One related example is drawn from research by (Wang et al. 2007). They find that COA migrations generate intervals when climate patterns over the North Pacific and over the Eurasian continent upstream are linked. Likewise, regions downstream are linked. These linkages can be traced to an enhanced Pacific North American (PNA) pattern and to an eastwardly extended jet stream. These nuanced factors influence El Nino’s relationship with the Aleutian Low Pressure system.
Another example can be found in works by (Sugimoto and Hanawa 2009) and (Frankignoul et al. 2011). These works suggest that low-frequency latitudinal shifts in atmospheric COAs, influence migrations of western-boundary currents and their extensions (ocean-gyre frontal boundaries), with consequent impact on western-boundary dynamics and air-sea interaction (Kwon et al. 2010; Frankignoul et al. 2011). Ocean-atmospheric dynamics related to western-boundary currents are not typically well modeled, spatial resolution and representation of heat flux out of the ocean being among the limiting factors (Dong and Kelly 2004; Kelly and Dong 2004; Kelly et al. 2010). We offer this limitation may play a role in the contrasting results of the stadium-wave studies, observation-based versus model-based.
Geographical placement of the Arctic High (Kwok 2011) presents another illustration of this theme. Mean and shifting geographical placements of the polar high-pressure system play strong roles in Arctic sea-ice dynamics, freshwater balance, and by extension, in climate response Wyatt (2012); submitted manuscript (2013). Most models inadequately simulate the Northern Hemisphere’s polar-high placement. (Kwok 2011) evaluated simulations of Arctic sea-ice motion in the CMIP3 collection. Sea-ice motion is largely wind-driven. The impacts of these winds are a function of, among other things, the geographical placement of the polar-high. This placement indirectly scripts regional sea-ice inventory, distribution, spatial pattern of ice thickness, and sea-ice export. Kwok examined groups of models. He found the overall CMIP3 simulations of sea-ice dynamics and related features to be poor, with some models performing better than others. He suggests the culprit is the significant displacement of the mean high-pressure pattern in the southern Beaufort region. Its modeled position tends to be skewed toward the central Arctic Basin rather than its observed mean position in the southern Beaufort Sea. Misplacement of related large-scale mean features of the circulation pattern follows. Other influences on the Arctic freshwater balance derive from sea-ice extent north of the Bering Strait. This, too, has been linked to non-static geographical placement of the Aleutian Low (Niebauer 1998). And according to (Jun et al. 2008), errors related to sea-ice north of the Bering Strait are common among models: GFDL, GISS, NCAR, and UKMO.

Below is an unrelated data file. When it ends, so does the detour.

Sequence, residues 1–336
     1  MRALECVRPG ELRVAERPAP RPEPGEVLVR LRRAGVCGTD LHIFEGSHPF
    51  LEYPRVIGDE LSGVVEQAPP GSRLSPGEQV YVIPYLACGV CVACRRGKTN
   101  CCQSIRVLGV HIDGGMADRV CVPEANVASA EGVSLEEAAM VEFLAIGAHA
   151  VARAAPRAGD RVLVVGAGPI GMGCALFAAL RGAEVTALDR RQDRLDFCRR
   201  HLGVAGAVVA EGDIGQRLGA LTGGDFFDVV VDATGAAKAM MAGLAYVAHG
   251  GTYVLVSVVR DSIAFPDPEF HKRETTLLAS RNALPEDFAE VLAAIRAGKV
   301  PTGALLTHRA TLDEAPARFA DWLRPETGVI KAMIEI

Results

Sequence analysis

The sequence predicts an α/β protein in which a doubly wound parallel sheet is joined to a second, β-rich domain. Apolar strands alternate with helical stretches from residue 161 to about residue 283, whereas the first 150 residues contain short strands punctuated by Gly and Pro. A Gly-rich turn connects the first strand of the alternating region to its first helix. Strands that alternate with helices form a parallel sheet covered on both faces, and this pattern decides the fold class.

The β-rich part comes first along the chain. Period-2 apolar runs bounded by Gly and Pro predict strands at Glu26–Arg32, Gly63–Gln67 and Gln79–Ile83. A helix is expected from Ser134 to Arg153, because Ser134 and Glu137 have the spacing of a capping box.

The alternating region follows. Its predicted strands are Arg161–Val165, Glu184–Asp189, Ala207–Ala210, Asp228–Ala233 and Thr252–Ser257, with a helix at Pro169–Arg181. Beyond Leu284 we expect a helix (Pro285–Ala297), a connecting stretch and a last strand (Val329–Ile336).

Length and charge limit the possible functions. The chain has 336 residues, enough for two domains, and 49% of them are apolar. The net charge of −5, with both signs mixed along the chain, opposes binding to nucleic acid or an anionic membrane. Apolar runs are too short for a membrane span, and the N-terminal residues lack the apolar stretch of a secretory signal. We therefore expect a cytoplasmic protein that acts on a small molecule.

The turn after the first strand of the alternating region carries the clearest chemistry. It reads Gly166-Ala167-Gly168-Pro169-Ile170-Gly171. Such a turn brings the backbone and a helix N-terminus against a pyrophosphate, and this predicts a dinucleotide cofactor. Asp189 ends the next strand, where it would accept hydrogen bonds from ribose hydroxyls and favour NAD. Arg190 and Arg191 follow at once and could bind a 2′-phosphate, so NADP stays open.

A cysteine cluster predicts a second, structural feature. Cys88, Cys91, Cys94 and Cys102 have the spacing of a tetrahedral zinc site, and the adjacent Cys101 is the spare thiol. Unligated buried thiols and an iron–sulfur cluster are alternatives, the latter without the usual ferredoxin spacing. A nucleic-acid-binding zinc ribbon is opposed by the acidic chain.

Geographical placement of centers-of-action and dynamics of western-boundary currents are but two identified features that appear to determine whether a regional circulation pattern’s reach remains regional or extends beyond, via direct or indirect means. These features are examples of small variations begetting disproportionately large results. The classic work on network theory by sociologist Mark Granovetter (1973) points to such small links yielding profound consequences. In his seminal work, he describes the crucial role of weak ties in enlarging and stabilizing a network. He describes the phenomenon in terms of societal behavior; yet this concept applies to any network. We suggest the “weak-tie” details of inter-connectivity within the climate network may be a necessary ingredient for hemispheric signal propagation. It may be that regional patterns are well modeled. But is their connectivity equally well modeled, be that through geographical positioning of oceanic and atmospheric centers-of-action; western-boundary currents, their extensions, and their relationship to overlying jet-stream tracks; or other such “small-scale” features?
And finally, along that same vein, (Van den Berge et al. 2011) have considered connectivity among nodes when modeling climate. They invoke the influential work done by (Pecora and Carroll 1990) on non-linear systems, applying principles of synchronized theory to modeling climate. In essence, they have found that with a limited amount of information exchanged, a system’s behavior can be reconstructed. This information exchange is accomplished by connecting each variable of a model to each variable of two other models. By linking chaotic systems, synchronization of the network of systems follows (Pecora and Carroll 1990). Here, consistent with what we see in stadium-wave dynamics, links between nodes are critical to capturing the full spatio-temporal signature of the climate network.